War criminal Motiur Rahman Nizami, hanged for committing crimes against humanity during the Liberation War in 1971, was buried near his ancestral home in Santhia upazila after his execution in the small hours of Wednesday.
Nizami was buried at the graveyard, 300 yards away from his residence at Manmathpur in the upazila around 7:00am after a namaj-e-janaza, said his son Barrister Najib Momen.
War crimes convict Matiur Rahman Nizami, ameer of Bangladesh Jamaat-e-Islami, was hanged last night for his crimes against humanity during the country’s War of Liberation in 1971.
Nizami, also the former head of Al-Badr, a ruthless militia that unleashed terror on peace-loving Bangalees in 1971, walked the gallows at the Dhaka Central Jail amid tight security.
The count down for Nizami’s execution began when his review plea was rejected by the Supreme Court on May 5.
The full verdict of the review bench was released on Monday and later it was read out to 73 years old Nizami by the jail authorities.
The only option to the former minister was to seek presidential clemency but when he informed the authorities that he would not seek clemency, authorities concerned started the process to execute the Nizami verdict.
In the morning, hangmen who conducted the execution, were summoned from Kahimpur jail and Nizami’s family members were asked to meet the convicted Jamaat chief.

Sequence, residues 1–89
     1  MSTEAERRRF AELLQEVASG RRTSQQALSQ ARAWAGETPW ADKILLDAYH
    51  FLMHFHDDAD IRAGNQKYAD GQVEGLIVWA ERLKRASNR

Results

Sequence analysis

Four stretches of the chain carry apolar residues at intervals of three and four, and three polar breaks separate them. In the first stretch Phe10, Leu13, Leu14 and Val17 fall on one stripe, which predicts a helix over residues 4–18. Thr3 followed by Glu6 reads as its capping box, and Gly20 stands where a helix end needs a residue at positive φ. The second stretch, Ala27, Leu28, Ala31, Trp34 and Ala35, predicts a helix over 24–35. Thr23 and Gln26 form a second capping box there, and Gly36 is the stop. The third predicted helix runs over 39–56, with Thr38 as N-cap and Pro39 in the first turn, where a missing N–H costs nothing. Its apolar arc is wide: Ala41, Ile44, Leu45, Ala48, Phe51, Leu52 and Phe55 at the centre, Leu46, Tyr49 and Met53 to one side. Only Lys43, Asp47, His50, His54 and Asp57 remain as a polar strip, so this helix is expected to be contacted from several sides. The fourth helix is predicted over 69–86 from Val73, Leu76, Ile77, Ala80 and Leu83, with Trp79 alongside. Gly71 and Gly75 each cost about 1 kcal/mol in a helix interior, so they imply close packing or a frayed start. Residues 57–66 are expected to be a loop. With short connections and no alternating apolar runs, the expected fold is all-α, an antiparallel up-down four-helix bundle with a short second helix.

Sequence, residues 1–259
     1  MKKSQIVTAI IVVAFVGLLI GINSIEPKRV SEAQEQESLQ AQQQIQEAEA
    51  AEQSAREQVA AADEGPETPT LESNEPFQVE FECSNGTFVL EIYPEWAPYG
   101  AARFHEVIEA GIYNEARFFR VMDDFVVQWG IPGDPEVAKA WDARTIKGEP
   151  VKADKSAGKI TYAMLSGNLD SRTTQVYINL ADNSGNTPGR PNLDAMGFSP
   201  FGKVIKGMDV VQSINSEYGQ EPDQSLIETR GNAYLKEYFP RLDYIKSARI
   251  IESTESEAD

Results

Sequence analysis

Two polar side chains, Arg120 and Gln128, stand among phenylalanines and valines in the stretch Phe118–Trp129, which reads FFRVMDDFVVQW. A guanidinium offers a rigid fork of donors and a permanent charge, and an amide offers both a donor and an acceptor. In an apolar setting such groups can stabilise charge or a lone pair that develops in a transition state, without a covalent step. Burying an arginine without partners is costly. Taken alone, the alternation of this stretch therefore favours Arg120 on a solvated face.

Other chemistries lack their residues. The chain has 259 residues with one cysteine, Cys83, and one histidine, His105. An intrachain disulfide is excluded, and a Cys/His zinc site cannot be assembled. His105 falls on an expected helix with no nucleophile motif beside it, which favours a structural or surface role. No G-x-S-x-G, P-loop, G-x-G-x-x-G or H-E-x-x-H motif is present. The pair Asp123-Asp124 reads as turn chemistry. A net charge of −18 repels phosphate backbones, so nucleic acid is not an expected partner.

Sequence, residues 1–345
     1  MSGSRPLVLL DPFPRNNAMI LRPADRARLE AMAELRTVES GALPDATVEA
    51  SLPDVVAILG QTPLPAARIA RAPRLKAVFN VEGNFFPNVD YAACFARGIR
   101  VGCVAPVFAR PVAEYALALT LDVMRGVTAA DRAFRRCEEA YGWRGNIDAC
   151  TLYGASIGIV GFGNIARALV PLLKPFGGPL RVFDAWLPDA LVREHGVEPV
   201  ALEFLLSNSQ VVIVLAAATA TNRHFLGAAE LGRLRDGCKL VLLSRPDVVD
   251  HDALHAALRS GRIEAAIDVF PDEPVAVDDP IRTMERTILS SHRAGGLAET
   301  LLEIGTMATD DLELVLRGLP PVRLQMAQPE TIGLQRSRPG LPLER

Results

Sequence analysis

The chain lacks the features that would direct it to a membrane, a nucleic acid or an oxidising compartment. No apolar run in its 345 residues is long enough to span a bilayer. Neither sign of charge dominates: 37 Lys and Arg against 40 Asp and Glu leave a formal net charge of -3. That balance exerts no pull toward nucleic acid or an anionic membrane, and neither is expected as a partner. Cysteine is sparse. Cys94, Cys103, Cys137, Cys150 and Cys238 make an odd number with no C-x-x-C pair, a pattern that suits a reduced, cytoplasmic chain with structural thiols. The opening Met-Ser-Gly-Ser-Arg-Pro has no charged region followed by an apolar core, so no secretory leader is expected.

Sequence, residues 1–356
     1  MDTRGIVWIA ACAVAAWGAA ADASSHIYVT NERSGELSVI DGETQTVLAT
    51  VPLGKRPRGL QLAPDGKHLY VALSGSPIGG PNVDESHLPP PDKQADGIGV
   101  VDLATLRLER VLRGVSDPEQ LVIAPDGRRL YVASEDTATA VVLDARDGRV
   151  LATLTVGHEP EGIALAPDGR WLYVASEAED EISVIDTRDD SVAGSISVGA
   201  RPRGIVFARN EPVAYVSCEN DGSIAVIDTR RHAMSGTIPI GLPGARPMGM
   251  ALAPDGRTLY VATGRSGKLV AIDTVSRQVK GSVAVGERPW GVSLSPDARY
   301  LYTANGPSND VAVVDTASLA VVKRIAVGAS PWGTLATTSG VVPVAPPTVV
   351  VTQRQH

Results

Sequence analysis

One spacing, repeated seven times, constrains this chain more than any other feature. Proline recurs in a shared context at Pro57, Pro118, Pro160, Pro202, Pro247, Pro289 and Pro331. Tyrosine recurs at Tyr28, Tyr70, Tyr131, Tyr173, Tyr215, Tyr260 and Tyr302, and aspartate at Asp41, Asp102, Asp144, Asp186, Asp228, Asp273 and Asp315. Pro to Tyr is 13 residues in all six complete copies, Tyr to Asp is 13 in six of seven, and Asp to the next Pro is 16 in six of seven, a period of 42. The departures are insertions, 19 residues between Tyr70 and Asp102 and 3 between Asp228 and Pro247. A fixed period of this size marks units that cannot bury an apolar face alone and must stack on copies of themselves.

A total of 22 members including two sons, wife and a grandchild met Nizami at the jail around 8:15pm.
Earlier in the day, Home Minister Asaduzzaman Khan Kamal told The Independent that Nizami will be hanged on Tuesday night as the war crimes convict did not seek presidential mercy.
According to the ICT-1 verdict, Nizami was the president of Jamaat’s student wing Islami Chhatra Sangha from 1966 to September 1971 and ex-officio chief of Al-Badr.
He masterminded the formation of the militia that unleashed terror on peace-loving Bangalees, killed unarmed civilians, raped women and destroyed properties during the 1971 Liberation War.
Towards the end of the war, the Al-Badr Bahini committed “crimes of serious gravity intending to demean the human civilization.”